5
$\begingroup$

To construct a specific kind of undirected graph $G=(V,E)$, which $|V|=n>2$. For convenience, label the vertices with $v_1,v_2,\dots ,v_n\in V$, and $(v_i,v_j)\in E$ means there is a edge between vertices $v_i,v_j$.

And the graph has the following property:

  • $(v_1,v_2)\in E$
  • For $i\geq 3$, $(v_i,v_1)\in E\Rightarrow (v_i,v_2)\notin E$,and $(v_i,v_2)\in E\Rightarrow (v_i,v_1)\notin E$
  • For $i\neq j,(v_i,v_j) \notin E \Rightarrow \exists v_{k_1},v_{k_2}(k_1\neq k_2)$ which $(v_{k_1},v_i),(v_{k_2},v_i),(v_{k_1},v_j),(v_{k_2},v_j)\in E$ and $\forall l\neq k_1,k_2, (v_l,v_i) \notin E$ or $(v_l,v_j)\notin E$

If $n$ is even, for instance, $n=12$, we can construct the graph like this: enter image description here

But I couldn't construct one when $n$ is odd, for instance, when $n=5$, etc.

If $n\geq 3$ is an odd number, is it possible to construct a graph meet the above-mentioned property?

$\endgroup$
7
  • $\begingroup$ I guess you mean "or" in the very last condition: $\forall\ l\ne k_1,k_2$ either $(v_l,v_i)\notin E$ or $(v_l,v_j)\notin E$. Or? :D $\endgroup$ Commented Mar 23, 2016 at 6:25
  • 1
    $\begingroup$ Also, are vertices $v$ with neither $(v,v_1)\in E$ nor $(v,v_2)\in E$ allowed? $\endgroup$ Commented Mar 23, 2016 at 6:53
  • 1
    $\begingroup$ @მამუკაჯიბლაძე Yes, it's allowed. $\endgroup$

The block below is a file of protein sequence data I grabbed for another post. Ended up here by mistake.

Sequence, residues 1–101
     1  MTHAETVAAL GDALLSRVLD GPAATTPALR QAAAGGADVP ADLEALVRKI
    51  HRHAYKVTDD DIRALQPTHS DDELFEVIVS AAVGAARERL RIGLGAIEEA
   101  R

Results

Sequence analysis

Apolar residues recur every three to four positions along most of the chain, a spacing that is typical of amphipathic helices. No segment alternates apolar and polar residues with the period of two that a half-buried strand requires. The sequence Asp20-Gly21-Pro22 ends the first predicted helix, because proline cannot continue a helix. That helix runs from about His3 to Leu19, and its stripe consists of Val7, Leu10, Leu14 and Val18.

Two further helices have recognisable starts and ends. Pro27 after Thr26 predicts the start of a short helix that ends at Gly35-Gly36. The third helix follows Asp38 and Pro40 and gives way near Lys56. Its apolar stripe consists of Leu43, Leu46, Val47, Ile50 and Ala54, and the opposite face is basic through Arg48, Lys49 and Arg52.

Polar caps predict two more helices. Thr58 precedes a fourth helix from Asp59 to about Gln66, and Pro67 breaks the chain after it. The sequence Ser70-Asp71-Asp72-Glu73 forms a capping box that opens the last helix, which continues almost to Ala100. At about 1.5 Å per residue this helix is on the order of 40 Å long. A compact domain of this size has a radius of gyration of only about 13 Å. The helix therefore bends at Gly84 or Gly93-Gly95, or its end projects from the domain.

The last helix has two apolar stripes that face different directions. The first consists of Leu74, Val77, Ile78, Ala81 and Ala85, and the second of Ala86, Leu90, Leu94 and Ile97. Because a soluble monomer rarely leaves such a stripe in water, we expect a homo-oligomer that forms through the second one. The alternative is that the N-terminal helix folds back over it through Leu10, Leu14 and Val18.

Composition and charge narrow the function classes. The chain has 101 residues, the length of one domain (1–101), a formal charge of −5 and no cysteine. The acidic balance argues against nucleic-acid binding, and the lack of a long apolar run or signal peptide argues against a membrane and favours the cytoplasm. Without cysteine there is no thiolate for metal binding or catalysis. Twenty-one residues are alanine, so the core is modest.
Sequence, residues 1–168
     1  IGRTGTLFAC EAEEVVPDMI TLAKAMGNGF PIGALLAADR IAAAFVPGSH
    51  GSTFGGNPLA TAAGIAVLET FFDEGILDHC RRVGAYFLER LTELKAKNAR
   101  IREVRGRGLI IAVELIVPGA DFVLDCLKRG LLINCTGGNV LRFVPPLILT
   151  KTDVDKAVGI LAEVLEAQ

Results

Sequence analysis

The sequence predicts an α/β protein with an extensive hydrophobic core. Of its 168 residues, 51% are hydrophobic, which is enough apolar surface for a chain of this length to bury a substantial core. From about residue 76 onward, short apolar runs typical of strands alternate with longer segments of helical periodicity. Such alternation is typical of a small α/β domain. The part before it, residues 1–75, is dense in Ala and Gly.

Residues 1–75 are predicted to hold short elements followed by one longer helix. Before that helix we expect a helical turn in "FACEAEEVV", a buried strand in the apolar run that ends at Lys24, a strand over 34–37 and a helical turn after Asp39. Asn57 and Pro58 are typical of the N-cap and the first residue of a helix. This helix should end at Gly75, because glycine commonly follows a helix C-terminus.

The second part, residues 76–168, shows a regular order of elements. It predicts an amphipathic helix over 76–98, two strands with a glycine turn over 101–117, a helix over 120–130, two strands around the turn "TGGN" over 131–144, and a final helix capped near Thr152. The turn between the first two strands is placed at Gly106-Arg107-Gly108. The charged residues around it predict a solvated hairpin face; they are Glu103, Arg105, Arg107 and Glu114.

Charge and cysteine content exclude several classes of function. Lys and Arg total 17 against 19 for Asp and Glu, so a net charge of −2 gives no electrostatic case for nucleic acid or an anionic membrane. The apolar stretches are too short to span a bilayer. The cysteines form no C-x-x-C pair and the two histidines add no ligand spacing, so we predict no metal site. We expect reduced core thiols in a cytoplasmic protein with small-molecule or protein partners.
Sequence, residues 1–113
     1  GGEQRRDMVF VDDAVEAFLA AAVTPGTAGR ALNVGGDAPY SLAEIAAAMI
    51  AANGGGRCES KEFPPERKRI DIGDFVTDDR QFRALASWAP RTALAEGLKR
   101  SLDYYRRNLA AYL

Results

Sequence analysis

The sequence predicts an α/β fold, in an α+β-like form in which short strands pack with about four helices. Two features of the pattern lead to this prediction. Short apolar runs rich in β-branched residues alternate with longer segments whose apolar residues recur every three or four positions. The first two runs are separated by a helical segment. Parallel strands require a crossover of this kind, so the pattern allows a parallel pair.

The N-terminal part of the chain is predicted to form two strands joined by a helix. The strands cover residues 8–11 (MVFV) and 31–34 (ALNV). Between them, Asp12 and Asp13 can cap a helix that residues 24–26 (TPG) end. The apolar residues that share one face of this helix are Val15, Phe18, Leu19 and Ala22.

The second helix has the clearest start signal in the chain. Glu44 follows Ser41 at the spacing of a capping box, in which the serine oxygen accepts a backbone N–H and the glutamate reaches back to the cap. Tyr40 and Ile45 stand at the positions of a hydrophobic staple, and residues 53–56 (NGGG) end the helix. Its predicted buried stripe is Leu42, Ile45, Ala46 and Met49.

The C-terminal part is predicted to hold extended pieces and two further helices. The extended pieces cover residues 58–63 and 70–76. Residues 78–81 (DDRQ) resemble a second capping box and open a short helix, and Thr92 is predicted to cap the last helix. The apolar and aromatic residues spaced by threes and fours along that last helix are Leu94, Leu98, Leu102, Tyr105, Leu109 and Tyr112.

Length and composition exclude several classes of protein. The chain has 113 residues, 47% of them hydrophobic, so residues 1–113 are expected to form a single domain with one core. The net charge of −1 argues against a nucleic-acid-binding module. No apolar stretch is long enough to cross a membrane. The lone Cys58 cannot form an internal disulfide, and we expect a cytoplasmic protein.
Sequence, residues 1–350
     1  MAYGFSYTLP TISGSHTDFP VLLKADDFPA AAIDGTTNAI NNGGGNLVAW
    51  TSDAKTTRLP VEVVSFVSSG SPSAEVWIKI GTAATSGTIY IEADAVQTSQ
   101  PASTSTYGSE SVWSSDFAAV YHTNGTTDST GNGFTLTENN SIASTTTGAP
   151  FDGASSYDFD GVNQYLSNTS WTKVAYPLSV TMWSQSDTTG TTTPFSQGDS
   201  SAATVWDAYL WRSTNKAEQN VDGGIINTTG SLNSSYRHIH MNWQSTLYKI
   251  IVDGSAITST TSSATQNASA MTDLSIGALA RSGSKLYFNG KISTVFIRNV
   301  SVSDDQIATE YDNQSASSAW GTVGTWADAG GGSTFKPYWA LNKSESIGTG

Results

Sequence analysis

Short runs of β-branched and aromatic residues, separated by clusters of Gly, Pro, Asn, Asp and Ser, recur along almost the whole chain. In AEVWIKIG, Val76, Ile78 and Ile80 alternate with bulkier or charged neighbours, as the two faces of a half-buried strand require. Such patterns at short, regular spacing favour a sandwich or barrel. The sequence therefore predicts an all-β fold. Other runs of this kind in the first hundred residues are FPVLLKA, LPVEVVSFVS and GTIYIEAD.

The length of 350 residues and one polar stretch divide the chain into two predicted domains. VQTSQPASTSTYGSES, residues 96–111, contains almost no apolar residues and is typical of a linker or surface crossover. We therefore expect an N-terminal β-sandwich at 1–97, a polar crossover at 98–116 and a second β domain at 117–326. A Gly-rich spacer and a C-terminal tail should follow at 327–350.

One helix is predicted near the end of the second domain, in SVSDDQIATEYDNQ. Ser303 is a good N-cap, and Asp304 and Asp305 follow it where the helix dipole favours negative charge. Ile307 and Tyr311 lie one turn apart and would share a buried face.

– user79942
    Commented Mar 23, 2016 at 7:32
  • 5
    $\begingroup$ Is the following restatement correct? There are two adjacent vertices $v_1,v_2$ with no common neighbor; and any two nonadjacent vertices have exactly two common neighbors. $\endgroup$
    – bof
    Commented Mar 23, 2016 at 9:44
  • 1
    $\begingroup$ @bof Yes, correct. $\endgroup$
    – user79942
    Commented Mar 23, 2016 at 9:56

1 Answer 1

3
$\begingroup$

Notice that for every $n>3$ there should be a $C_4$ with no diagonal. For $n=5$, it is easy to see then that no such graphs exist.

For $n=7$, the Mycielski construction over $C_3$ fits. In other words, mark the vertices of an equilateral triangle with side length 2 and the midpoints of its sides; conect each two vertices at distance 1. Now add one more vertex which is connected to the three vertices of the initial triangle.

$\endgroup$
1

Your Answer

By clicking “Post Your Answer”, you agree to our terms of service and acknowledge you have read our privacy policy.